Counting Down To 25 - Street Cry Wins The Seventh Running Of The Dubai World Cup In 2002

The Dubai World Cup meeting celebrates its historic 25th anniversary on March 27, with six Group 1 races and three Group 2s, including one of the world's premier races, the $12 million Dubai World Cup, sponsored by Emirates Airline.

Over the next three weeks, we will pay tribute to each of the previous Dubai World Cup winners. Today, we rewind to 2002 when Street Cry gave jockey Jerry Bailey his fourth and trainer Saeed bin Suroor his third Dubai World Cup title.

Champion American jockey Jerry Bailey collected his fourth victory in what was the world’s richest race as the Godolphin owned and Saeed bin Suroor-trainee Street Cry dominated in the seventh running of the US$6,000,000 Group I Dubai World Cup.

Street Cry’s success gave Bailey his fourth win in the event after Cigar (1996), Singspiel (1997) and Captain Steve (2001). “It’s great to have won this race four times but it’s because I have had some nice horses to ride,” Bailey commented after the win, while for Saeed bin Suroor it was his third success after Almutawakel (1999) and Dubai Millennium (2000).

The seventh running of the Dubai World Cup proved to be a triumph for Middle East-based horses as the first five over the line were trained in either the United Arab Emirates or Saudi Arabia with the Japanese runner Agnes Digital the best from outside the area, finishing sixth. Bailey secured the ride on Street Cry after Godolphin stable jockey Frankie Dettori opted for Sakhee (winner of the Prix de l’Arc de Triomphe). That horse finishing third, over eight lengths away from the winner.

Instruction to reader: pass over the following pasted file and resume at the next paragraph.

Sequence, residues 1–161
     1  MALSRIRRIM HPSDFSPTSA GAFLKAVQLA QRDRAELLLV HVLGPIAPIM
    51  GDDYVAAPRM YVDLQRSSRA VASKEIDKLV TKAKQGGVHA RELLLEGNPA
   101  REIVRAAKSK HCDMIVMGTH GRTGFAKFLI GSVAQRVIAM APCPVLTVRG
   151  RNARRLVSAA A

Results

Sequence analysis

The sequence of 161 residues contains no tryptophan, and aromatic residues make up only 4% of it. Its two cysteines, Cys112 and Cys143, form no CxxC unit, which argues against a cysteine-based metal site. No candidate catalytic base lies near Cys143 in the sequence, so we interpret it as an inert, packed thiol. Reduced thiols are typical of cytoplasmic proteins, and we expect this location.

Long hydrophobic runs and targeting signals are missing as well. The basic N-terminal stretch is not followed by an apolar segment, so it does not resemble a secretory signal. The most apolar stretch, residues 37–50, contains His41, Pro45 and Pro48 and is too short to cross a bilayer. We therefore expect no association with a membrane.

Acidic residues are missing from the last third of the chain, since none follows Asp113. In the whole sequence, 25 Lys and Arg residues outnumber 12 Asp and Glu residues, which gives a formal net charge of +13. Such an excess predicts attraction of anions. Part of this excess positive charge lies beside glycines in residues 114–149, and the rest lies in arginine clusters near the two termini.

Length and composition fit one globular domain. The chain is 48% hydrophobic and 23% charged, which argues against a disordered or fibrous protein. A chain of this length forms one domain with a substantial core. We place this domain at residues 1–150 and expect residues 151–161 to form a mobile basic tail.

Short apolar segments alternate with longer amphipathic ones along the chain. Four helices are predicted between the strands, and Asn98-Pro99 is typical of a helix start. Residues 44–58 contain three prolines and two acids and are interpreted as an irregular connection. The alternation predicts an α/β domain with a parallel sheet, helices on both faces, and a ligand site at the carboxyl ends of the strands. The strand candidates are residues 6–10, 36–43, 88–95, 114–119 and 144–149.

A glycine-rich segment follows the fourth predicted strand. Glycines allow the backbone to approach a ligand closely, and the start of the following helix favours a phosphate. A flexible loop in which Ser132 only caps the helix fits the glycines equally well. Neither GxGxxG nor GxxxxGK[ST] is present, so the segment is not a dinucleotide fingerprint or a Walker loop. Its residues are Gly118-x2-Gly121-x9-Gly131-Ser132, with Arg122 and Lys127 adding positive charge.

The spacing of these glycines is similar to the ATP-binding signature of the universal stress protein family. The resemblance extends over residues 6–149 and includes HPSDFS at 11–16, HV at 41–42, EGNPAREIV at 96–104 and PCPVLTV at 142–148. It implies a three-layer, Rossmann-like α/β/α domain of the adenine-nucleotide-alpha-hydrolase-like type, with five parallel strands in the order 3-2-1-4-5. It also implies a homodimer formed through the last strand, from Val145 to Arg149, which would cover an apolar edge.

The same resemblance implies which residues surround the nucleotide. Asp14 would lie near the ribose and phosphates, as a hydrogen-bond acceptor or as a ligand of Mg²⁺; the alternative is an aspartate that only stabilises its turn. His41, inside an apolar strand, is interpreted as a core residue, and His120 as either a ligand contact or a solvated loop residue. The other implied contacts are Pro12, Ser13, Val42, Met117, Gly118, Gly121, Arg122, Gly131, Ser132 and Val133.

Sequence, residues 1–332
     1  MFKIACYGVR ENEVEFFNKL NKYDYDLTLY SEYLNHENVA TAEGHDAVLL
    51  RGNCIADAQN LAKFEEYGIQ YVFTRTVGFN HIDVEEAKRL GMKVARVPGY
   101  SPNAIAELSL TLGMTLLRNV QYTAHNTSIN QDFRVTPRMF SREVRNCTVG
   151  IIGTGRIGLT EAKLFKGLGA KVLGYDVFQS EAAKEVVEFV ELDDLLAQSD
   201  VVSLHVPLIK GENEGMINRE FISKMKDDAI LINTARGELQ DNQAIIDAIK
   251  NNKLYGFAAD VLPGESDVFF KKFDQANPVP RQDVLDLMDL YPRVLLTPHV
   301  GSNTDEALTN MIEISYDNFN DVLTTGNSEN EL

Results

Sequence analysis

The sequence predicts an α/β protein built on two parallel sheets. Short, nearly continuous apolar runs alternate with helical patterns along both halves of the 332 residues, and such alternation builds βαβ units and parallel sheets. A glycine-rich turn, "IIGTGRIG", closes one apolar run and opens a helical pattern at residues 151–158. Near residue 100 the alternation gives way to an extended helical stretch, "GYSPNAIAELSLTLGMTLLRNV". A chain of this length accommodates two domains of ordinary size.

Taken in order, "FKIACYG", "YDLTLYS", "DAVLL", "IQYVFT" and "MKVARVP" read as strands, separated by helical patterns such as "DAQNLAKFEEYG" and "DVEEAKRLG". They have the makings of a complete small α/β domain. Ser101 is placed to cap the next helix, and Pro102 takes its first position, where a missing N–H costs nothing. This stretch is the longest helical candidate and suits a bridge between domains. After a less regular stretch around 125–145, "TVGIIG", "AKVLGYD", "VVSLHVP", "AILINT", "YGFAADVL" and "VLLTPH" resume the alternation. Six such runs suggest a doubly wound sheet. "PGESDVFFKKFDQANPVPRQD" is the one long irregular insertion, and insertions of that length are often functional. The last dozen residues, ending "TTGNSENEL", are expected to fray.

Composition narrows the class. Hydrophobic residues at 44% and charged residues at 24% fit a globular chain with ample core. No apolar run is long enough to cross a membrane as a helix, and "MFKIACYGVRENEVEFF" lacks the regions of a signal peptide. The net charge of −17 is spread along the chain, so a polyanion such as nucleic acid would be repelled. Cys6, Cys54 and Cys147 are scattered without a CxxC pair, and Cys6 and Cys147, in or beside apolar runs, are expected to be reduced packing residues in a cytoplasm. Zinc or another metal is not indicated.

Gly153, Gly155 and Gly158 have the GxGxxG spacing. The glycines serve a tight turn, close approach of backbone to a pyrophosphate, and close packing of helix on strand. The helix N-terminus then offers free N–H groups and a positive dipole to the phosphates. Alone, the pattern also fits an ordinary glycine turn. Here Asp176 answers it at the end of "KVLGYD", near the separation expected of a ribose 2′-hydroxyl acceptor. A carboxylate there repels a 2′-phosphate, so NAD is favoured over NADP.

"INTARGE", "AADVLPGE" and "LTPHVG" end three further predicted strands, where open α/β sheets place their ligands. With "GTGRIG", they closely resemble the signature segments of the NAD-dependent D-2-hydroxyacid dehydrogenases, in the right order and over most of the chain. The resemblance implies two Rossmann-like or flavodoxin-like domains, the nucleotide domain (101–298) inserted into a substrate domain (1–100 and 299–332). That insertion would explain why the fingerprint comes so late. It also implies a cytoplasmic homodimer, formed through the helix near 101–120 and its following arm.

Street Cry was allowed to settle midfield on the inside of Sakhee and as the field approached and rounded the home turn. Sakhee went around the early leaders Western Pride and To The Victory, while Bailey had no hesitation in keeping to the fence on Street Cry. Sakhee got to the front momentarily, however Street Cry grabbed him quickly and then kicked clear. Sakhee was beginning to labour as Street Cry got a winning break at the 200m and it was Saudi Arabia’s Sei Mi (fifth to Captain Steve in the 2001 Dubai World Cup) who came from last to finish second, four and a quarter lengths away.

Street Cry went to America and appeared certain to dominate after an impressive performance to win the Grade I Stephen Foster Handicap at Churchill Downs before a second in the Grade I Whitney at Saratoga, and then injury unfortunately brought a premature retirement to Jonabell Farm.